Many small business owners choose, by mere default and for simplicity, just to be a sole proprietor. But that choice cheats them of the benefit of a more formal structure that can better protect their personal assets from the liabilities of the business, and allow for continuation upon an owner’s death.
For small business owners looking for the protection of a corporation and the simplicity of something less formal, a “statutory close corporation” may be just right.
Statutory close corporations, or SCCs, are a lesser known option that became available in 1989. It’s an option for businesses that have fewer than 50 shareholders, would prefer no board of directors, want automatic restrictions on share transfers and therefore no separate buy-sell agreement. SCCs allow people who operate small businesses to have the same protections without all the same formalities of a larger corporation.
Some requirements remain the same: SCC owners should still keep separate finances and file annual reports with the state. They also must be sure third parties know they’re dealing with a corporation, not individuals. But they are not required to have a separate board of directors or annual shareholder meetings. Shareholders are given ultimate flexibility in making business decisions.
They’re called “close” corporations because they refer to companies where the stock is closely held, so they’re not right for entities that foresee a public stock offering.
In determining whether an SCC is right for your company, consider potential risks and growth plans. Do you produce a product that carries an increased risk for injury? Do you anticipate franchising your business or offering stock to other potential investors?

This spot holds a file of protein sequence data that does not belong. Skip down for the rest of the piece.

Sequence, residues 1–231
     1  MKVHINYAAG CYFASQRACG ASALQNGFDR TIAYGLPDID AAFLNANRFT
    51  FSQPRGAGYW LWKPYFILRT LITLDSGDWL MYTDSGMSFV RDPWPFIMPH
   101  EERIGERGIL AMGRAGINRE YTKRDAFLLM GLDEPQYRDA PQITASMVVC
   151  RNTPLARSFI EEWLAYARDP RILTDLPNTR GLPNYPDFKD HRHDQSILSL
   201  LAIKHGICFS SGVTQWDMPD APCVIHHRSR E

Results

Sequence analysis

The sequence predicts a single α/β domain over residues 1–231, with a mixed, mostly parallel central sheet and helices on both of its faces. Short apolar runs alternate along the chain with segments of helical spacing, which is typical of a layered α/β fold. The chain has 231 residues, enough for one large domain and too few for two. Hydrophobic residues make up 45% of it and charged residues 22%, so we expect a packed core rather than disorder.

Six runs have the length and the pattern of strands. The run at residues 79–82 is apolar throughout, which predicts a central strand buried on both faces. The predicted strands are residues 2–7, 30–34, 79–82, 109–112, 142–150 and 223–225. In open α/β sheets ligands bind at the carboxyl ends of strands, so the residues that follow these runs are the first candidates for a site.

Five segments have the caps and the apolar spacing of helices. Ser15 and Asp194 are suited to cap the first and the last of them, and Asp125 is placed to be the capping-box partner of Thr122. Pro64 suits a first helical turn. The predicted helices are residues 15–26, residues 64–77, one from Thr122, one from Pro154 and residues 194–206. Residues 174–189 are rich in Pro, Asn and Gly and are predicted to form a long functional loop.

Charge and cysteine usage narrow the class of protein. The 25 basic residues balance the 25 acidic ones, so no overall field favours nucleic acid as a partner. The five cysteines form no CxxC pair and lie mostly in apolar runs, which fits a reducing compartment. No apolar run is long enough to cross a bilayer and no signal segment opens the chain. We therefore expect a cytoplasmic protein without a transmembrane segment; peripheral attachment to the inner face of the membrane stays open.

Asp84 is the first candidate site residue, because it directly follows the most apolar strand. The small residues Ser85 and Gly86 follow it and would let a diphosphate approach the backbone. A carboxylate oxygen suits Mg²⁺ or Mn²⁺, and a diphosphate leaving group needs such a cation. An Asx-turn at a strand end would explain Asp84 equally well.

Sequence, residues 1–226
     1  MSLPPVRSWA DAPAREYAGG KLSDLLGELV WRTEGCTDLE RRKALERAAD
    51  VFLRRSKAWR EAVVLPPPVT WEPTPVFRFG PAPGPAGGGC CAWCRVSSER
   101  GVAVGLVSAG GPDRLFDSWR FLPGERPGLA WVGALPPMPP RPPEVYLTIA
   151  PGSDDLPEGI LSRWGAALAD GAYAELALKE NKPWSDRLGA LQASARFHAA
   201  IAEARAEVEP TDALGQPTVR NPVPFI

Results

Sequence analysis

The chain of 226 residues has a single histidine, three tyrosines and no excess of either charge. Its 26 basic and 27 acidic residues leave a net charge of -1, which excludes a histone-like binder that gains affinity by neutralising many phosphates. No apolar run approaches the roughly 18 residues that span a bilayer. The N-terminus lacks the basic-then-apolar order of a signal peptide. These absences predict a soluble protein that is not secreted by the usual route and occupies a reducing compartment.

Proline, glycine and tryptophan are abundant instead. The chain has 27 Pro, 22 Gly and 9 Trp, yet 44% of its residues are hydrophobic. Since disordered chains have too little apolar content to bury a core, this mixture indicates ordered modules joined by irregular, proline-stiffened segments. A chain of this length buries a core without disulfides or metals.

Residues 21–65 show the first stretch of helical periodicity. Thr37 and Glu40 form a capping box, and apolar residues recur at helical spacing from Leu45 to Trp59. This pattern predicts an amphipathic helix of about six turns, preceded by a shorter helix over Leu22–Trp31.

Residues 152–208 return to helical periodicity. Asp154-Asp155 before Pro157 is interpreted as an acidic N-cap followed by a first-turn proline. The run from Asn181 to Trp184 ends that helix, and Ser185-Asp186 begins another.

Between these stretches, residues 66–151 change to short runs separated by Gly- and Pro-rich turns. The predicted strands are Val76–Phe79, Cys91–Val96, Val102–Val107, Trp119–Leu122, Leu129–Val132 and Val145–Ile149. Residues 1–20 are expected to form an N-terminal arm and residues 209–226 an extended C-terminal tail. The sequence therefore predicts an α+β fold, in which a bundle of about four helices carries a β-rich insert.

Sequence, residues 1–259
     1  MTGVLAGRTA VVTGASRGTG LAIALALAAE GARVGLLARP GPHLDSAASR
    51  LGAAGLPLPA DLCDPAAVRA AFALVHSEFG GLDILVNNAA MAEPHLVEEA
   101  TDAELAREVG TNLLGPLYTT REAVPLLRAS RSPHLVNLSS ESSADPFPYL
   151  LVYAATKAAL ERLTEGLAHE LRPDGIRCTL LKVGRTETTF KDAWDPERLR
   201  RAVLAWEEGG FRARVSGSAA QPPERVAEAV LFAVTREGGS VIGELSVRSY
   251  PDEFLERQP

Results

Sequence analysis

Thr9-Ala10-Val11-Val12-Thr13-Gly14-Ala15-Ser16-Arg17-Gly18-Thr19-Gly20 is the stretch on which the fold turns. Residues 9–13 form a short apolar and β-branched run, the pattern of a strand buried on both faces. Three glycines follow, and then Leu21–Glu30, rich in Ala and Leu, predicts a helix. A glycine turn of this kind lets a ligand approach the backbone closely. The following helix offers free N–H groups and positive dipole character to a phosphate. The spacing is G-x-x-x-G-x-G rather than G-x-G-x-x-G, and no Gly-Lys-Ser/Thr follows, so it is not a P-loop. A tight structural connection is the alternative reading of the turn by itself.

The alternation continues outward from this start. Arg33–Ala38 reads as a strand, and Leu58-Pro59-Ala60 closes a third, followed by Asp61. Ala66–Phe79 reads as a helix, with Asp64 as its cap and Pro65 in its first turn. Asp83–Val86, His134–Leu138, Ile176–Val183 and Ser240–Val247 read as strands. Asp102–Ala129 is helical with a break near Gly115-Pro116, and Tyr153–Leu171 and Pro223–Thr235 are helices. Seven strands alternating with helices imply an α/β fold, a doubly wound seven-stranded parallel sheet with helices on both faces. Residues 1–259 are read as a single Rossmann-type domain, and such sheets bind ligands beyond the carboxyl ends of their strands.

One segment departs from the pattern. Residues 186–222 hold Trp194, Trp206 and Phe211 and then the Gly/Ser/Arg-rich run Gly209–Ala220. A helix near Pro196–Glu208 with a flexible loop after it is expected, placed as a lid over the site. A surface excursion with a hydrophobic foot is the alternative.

If you answer yes to questions such as these, other corporate structures may be more appropriate in providing a more standard and formal structure more familiar to courts and the business community.
Even if you’ve already established a business and elected another corporate structure, changing to an SCC can be easy and affordable. And it can help eliminate those sleepless nights that come when you realize you forgot to have an annual meeting or no longer have three people on the board of directors.
If you think an SCC might be right for you, the best advice is to consult an experienced corporate attorney. He or she can help you weigh the risks and benefits and make an informed decision. Whether that leads to an SCC or something slightly more formal, you’ll know you have a structure that provides the most benefit for your unique business.